influence Hawaiian hawk viability in the future, but we cannot predict
if or when that may occur. West Nile virus (WNV), which is primarily
transmitted by infected mosquitoes, has been reported in all of the 48
conterminous United States and is potentially fatal to many species of
birds, including members of the genus Buteo (Centers for Disease
Control and Prevention (CDC) 2005, in litt.; 2007, in litt.).
Transmission of WNV to Hawaii could occur via the arrival of migrating
bird species; via transport of infected mosquitoes on boats and planes;
and through infected birds, animals, and humans.
    Through 2013, Hawaii and Alaska were the only two States with no
reported occurrences (human or bird) of WNV (State of Hawaii 2006, in
litt.; CDC 2007, in litt.; CDC 2017, in litt.; CDC 2019, in litt.). By
the end of 2014, the CDC received one human WNV disease case reported
by the State of Hawaii (CDC 2017, in litt.); however, this incidence
originated through exposure outside of the State, and there has not
been a subsequent report (State of Hawaii Department of Health 2018, in
litt.; CDC 2019, in litt.). Surveillance for WNV in Hawaii from 2002 to
2009, during which over 10,000 individual birds were tested, found no
infected birds.
    To help prevent WNV from spreading to Hawaii, the State's
Department of Agriculture has established a pre-arrival isolation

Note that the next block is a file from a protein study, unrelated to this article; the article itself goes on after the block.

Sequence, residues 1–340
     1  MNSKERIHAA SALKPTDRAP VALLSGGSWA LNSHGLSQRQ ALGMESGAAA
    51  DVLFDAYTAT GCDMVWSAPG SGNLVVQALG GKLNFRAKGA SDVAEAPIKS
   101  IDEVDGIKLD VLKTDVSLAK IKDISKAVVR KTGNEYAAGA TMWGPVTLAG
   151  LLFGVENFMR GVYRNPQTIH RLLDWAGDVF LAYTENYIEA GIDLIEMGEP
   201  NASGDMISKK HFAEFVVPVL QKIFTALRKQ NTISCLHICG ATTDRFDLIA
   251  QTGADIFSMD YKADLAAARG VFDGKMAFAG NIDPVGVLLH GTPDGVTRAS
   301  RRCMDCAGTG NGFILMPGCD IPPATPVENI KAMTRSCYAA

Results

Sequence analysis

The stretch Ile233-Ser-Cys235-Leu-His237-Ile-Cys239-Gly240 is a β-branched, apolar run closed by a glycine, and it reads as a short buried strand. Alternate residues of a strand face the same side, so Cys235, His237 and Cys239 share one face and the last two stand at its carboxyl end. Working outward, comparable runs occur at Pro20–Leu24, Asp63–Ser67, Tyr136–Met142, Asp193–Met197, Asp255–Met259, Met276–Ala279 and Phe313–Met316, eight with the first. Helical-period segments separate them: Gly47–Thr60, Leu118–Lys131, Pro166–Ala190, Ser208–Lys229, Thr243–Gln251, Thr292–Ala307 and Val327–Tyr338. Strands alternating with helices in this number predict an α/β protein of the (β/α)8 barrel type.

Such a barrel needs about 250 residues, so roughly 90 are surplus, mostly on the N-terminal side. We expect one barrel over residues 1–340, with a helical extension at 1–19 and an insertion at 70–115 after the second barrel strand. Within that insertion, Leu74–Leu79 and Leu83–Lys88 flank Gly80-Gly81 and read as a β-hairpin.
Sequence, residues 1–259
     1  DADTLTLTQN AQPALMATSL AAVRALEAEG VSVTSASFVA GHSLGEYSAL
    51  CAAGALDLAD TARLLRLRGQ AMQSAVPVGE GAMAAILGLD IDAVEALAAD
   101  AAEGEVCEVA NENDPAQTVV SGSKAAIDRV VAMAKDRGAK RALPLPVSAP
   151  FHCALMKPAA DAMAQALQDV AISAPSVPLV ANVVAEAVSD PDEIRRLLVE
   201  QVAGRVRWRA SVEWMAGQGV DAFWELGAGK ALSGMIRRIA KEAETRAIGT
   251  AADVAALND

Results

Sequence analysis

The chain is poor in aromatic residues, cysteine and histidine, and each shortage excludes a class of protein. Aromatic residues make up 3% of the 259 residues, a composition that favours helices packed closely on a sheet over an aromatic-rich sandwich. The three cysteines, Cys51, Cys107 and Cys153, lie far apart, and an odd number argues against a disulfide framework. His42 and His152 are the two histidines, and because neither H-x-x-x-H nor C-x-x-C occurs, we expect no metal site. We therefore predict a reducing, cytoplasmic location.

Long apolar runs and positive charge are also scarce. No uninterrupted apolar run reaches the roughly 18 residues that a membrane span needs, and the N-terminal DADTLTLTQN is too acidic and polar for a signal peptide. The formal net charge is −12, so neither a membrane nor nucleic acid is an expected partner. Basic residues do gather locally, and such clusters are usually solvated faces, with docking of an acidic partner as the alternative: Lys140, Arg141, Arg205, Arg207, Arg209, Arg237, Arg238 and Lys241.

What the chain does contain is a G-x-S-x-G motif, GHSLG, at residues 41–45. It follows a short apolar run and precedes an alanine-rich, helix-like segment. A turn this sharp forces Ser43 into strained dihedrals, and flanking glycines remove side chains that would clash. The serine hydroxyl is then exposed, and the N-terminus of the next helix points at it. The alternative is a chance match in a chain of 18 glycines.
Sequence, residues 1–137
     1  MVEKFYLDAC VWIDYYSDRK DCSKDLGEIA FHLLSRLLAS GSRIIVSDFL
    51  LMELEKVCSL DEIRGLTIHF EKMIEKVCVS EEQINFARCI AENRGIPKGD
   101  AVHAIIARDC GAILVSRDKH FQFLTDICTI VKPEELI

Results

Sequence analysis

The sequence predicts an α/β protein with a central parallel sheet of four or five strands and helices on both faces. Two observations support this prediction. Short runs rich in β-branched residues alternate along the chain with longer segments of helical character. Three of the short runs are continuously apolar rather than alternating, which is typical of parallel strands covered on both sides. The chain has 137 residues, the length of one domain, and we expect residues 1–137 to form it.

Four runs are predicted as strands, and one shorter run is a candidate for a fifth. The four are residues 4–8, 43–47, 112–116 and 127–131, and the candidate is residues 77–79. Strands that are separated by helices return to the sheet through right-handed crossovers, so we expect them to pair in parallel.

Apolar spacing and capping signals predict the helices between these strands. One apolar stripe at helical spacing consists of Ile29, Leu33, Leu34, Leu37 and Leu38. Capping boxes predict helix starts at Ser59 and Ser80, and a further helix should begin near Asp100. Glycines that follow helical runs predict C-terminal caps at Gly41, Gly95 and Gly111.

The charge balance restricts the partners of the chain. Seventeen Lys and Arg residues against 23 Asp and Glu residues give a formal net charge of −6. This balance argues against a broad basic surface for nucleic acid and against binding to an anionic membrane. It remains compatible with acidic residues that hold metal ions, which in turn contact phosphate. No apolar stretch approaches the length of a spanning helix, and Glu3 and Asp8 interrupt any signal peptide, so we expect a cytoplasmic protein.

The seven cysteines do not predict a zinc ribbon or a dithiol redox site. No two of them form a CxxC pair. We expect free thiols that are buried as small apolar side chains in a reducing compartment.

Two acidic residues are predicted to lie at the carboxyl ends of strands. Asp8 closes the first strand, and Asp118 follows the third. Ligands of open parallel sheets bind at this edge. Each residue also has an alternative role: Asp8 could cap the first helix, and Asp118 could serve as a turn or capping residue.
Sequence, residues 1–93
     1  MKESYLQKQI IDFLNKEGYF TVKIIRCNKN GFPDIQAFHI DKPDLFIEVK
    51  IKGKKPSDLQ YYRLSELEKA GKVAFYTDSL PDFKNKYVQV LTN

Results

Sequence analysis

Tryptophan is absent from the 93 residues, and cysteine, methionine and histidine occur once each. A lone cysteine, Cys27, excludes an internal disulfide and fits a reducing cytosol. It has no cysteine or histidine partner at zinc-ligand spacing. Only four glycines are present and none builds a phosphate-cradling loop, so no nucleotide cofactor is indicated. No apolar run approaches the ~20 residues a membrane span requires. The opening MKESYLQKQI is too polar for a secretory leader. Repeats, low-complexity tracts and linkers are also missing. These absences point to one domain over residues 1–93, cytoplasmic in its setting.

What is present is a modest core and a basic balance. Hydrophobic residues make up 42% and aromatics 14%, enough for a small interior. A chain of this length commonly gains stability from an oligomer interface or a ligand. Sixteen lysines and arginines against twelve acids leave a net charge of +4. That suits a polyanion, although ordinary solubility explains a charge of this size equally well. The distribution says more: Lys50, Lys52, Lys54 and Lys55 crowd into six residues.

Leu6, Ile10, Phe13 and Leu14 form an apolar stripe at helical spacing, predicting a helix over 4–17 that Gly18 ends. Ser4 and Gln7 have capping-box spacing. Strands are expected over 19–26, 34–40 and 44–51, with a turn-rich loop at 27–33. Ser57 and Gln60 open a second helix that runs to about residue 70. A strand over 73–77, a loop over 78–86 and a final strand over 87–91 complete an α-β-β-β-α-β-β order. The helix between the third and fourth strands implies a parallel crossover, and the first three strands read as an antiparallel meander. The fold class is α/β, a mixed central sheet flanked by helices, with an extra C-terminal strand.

requirement and a Poultry and Bird Import Permit issued through the
Livestock Disease Control Branch for all birds entering the State.
Furthermore, the Hawaii State Department of Health has an ongoing,
multi-agency WNV surveillance program in place on all of the main
Hawaiian Islands, which involves surveillance for infected mosquitoes
and dead birds, as well as live-bird surveillance at major ports of
entry, equine surveillance, and human surveillance (State of Hawaii
2006, in litt.).
    To date, no cases of WNV have been reported in Hawaii; however,
there is currently no certainty that the disease can be prevented from
arriving and spreading. Should this disease arrive on the island of
Hawaii, native birds may be particularly susceptible, as they are
likely to be immunologically naive to arboviruses such as WNV, and
because they evolved in the absence of biting insects (van Riper et al.
1986, p. 340). Furthermore, there are a number of introduced birds